SKIMO ON THE UP
18th July 2017 | Catie Friend, PlanetSKI
Ski mountaineering – racing up then down mountains on skis is heading for the Olympics at the 2020 Youth Games.
It’s almost a year since the International Olympic Committee recognised ski mountaineering – or Skimo – and now it’s been named as the eighth sport to be included at the Lausanne Youth Games.
The decision was announced by the IOC’s executive board earlier this month.
It’s been a long road to get Olympic recognition and there’s delight at the world governing body that it will be making its debut in 2020.
PlanetSKI has spoken exclusively to the Sport Director for the International Ski Mountaineering Federation (ISMF).
“It is very exciting,” Rebecca Vernon told us.
“This is very good for youth development within ski mountaineering.
“Hopefully it will also further encourage equipment manufacturers to improve their offerings specific for the youth market, with lower prices, thus making the sport more accessible to beginners.”
Three disciplines have been chosen for the Youth Olympics:
- Individual race
Together they embody all the elements of the sport – skins on skis to go up, skis on backpack and crampons on boots when it gets really steep and skiing hard and fast on the way down.
It’s a great way to “show off” ski mountaineering to a new audience.
The sport is supporting other initiatives announced by the Lausanne 2020 committee, namely more competitors and, specifically, an increased number of female competitors.
The IOC says Lausanne will see the highest number of women’s events and women competing.
The ISMF is working with all 31 member federations to promote the sport to athletes as young as 12, but particularly focusing on those currently in the cadet category – 14 and 15, who will be 17 and 18 for the Lausanne games.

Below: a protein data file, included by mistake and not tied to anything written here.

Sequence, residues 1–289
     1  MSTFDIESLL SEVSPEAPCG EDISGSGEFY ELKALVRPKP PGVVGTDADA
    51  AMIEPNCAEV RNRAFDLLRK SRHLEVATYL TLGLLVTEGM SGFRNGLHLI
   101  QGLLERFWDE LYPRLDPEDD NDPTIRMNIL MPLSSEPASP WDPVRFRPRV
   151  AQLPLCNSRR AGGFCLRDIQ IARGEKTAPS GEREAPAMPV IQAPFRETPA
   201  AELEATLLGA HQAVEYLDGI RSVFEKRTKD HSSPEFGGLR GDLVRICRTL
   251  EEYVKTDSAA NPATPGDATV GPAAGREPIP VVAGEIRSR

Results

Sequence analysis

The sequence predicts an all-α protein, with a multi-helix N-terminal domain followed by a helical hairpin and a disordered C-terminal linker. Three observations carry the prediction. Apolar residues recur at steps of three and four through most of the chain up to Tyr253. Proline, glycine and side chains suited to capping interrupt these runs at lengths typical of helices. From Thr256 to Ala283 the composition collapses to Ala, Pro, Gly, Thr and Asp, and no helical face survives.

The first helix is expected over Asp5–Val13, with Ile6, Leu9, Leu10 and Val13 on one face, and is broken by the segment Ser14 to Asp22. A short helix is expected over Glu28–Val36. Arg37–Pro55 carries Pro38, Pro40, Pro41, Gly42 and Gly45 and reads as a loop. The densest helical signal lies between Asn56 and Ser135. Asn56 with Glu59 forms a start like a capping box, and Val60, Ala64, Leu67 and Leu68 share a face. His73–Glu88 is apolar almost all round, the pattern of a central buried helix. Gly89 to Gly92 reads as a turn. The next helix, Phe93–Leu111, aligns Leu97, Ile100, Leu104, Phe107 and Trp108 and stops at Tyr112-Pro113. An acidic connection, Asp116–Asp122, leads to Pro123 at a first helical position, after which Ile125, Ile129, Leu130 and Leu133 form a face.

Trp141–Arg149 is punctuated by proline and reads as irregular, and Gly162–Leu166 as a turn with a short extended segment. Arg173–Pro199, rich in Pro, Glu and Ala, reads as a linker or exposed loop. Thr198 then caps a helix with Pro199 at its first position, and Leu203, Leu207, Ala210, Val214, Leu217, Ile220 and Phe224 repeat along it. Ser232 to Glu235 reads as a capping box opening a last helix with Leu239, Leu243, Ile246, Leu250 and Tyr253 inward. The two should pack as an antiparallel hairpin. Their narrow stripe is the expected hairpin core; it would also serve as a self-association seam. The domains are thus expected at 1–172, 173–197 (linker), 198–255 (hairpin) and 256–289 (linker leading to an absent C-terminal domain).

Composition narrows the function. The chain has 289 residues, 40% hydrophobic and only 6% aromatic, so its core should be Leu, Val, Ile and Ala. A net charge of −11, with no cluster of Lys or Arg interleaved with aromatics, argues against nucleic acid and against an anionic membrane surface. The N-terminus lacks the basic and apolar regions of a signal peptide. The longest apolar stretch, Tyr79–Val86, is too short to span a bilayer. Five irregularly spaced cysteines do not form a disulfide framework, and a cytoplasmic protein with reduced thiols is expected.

These will be the athletes that will be eligible to compete in Villars, the chosen resort for the Skimo events at Lausanne 2020.
In the future the federation will consider lowering the age for the Youth Olympics, but for their first foray they will stick to the juniors.
This is to allow greater participation from all member countries, especially those where ski mountaineering is still in its infancy, such as Great Britain and Turkey, and would benefit from some more years of development.
The youth camps, held every year, always have a female ISMF ambassador, to encourage girls and young women into the sport.
Most recently it was Laura Orgué of Spain, formerly an Olympic cross-country skier, turned ski mountaineer.
Rebecca Vernon was pleased that at recent youth camps the Polish contingent had more girls than boys for the first time.
All this is, of course, giving hope for full Olympic inclusion, perhaps as early as Beijing 2022.
As a result of all the work and the collaboration with the IOC, the ISMF is seeing great steps in standardisation amongst the member states, an enhanced media output and an improved anti-doping programme in line with IOC ethics.
Exciting times for the newest Olympic sport!
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